I have been in a lot of places where laws were weak and persons were powerful. These places, like India, China, Mexico, and so on are more perilous places to live than the US and Canada.

I don't know about other people's experience but in the town where I live (in New England) there is so little crime that we really do not have a police force in any real sense.

I am sure than the experience of black communities in LA is quite different than mine, however.
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Re: The Hunting of Ed Snowden - the evolving power-play

Postby Simon E. » Mon Sep 23, 2013 12:59 pm

Indrajala I am actually old enough to be your grandfather, ( just ) and believe me people of your generation have vastly greater freedom ( in the U.K. at least ) in every sense than I had at your age.
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Re: The Hunting of Ed Snowden - the evolving power-play

Postby Indrajala » Tue Sep 24, 2013 3:27 am

Malcolm wrote:I think you are being a bit romantic.


Really? Look at all the recent laws passed since 2001 for internal surveillance. This applies to the whole western world. Journalists don't have the same freedoms as they once did, as Chris Hedges has explained at great length. There's also the matter of human rights tribunals and being able to speak on certain taboo subjects without some kind of legal, social and/or economic punishments.


I have been in a lot of places where laws were weak and persons were powerful. These places, like India, China, Mexico, and so on are more perilous places to live than the US and Canada.


That doesn't negate the possibility we're seeing increased policing in the west. I don't mean cops on the ground arresting burglars, but behind the scenes surveillance and suppression of dissenting voices.
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Re: The Hunting of Ed Snowden - the evolving power-play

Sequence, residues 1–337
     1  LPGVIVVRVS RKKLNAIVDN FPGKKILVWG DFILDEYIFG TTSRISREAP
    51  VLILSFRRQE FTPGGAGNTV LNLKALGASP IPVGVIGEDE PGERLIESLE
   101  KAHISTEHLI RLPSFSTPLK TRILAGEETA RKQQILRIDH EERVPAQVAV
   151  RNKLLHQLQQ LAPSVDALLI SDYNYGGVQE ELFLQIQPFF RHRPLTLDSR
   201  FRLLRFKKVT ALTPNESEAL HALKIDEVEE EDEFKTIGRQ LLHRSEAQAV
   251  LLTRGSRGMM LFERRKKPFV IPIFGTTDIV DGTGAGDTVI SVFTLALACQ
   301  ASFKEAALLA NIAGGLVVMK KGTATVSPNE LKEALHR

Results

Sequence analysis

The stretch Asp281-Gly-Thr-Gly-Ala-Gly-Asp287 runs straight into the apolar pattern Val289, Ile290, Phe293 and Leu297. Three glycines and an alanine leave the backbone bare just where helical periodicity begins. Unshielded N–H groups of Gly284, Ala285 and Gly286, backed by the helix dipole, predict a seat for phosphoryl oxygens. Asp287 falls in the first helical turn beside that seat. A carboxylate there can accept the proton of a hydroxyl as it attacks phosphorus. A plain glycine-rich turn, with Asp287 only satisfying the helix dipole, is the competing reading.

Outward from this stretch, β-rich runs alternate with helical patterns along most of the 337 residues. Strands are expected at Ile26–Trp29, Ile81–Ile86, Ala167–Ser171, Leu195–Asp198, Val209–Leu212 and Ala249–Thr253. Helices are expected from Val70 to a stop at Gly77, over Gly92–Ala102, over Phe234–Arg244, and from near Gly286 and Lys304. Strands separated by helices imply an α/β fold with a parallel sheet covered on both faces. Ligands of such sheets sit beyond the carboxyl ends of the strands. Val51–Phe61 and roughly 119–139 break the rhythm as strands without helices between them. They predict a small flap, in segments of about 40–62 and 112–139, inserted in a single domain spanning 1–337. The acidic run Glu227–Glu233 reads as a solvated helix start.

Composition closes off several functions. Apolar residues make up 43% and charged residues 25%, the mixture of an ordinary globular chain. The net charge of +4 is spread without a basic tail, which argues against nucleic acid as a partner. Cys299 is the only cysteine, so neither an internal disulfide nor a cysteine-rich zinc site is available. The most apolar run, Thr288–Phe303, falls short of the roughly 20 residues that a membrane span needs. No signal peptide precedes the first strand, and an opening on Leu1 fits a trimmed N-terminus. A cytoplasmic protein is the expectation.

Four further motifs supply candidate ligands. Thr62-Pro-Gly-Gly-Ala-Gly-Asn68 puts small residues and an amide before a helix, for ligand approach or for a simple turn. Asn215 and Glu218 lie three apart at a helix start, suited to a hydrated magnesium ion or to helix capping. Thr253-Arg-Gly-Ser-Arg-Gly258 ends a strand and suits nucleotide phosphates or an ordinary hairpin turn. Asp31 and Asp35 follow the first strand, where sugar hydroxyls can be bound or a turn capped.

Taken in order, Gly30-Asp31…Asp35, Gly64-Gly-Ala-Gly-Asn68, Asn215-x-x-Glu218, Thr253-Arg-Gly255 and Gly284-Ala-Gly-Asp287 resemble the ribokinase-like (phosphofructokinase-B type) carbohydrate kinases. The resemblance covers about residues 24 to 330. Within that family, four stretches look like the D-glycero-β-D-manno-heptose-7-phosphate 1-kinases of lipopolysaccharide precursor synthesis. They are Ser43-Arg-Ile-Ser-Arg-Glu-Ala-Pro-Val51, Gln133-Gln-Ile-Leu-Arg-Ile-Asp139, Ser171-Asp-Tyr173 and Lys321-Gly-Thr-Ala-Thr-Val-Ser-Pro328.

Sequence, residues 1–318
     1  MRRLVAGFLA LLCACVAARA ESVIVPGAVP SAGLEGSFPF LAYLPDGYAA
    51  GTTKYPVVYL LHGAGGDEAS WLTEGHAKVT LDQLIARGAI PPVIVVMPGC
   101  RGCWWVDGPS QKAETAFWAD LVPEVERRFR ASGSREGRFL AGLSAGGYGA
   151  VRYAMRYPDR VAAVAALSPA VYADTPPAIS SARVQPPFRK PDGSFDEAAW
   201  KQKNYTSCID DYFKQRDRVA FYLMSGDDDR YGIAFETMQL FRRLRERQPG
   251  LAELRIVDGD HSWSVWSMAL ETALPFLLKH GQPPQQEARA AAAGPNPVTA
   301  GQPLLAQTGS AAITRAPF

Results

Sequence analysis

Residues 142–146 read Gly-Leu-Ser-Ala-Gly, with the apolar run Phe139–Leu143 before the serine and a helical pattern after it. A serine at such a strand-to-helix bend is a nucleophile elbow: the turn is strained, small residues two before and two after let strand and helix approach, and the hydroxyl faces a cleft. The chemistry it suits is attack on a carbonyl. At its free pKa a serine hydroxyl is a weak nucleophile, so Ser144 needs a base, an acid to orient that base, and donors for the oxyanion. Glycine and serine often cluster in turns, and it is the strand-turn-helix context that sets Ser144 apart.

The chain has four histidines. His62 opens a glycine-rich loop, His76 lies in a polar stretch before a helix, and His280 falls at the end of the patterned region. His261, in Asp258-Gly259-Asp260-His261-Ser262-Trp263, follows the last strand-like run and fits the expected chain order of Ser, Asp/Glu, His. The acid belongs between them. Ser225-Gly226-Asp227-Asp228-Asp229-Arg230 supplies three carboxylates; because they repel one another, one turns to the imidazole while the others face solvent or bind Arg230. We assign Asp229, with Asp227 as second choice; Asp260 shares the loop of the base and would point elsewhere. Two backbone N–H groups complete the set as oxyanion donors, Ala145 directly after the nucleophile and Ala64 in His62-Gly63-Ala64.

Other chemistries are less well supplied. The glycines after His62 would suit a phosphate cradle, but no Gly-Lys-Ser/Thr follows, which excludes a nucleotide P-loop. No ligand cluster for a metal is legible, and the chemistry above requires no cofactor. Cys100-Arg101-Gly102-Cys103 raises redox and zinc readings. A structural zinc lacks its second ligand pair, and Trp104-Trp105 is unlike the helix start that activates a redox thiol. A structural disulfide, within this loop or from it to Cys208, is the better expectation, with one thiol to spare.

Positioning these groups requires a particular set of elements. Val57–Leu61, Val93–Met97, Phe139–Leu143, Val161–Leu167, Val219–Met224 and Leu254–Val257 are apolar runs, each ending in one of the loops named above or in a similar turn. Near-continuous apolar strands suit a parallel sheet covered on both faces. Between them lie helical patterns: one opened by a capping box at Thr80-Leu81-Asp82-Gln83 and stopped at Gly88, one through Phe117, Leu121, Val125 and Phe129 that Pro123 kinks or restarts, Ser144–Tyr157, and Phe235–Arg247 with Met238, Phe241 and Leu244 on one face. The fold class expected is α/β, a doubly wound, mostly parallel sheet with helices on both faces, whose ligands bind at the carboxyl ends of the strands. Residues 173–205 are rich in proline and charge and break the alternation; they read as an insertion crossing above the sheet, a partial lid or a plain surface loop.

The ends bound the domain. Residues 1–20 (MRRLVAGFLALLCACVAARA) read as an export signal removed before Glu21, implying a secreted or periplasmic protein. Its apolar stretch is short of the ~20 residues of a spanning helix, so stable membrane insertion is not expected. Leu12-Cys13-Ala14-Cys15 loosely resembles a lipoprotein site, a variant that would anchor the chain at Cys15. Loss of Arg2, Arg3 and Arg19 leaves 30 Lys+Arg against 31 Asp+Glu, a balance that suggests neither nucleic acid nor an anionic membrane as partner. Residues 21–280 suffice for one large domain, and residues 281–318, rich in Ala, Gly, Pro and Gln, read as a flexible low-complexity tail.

Postby greentara » Tue Sep 24, 2013 4:02 am

Lets face it the system now appears broken. Did we have less freedom in the past? The past can appear shadowy...but there were definitely more jobs for most as manufacturing still existed in the first world. There were jobs for men that had job security, they could actually support a wife and kids. Now children are often farmed out at 6 months old to kinder's/creches as both parents now need to work but we are reassured by the corporate sector that its all good as we have flexibility. With all this flexibility couples often feel they are at the edge of losing control for fear is often inbuilt into their work histories. Six months in one job, then a year in an other job and so it goes.
Now the USA is constantly printing money but the bankers give it the corporate spin, calling it quantitive easing; all this is being done to stimulate the economy... that doesn't seem to want to come to life. This is a bandaid solution to a really serious problem which will eventually lead to massive unemployment and social breakdown.
No wonder the government is keeping tabs on us, they have their snouts embedded in our lives, what we buy, what we think, what motivates us as they anticipate we are heading for civil unrest.
Assange and Snowden are heroic in their efforts and they have ironically paid the ultimate price....lack of freedom themselves.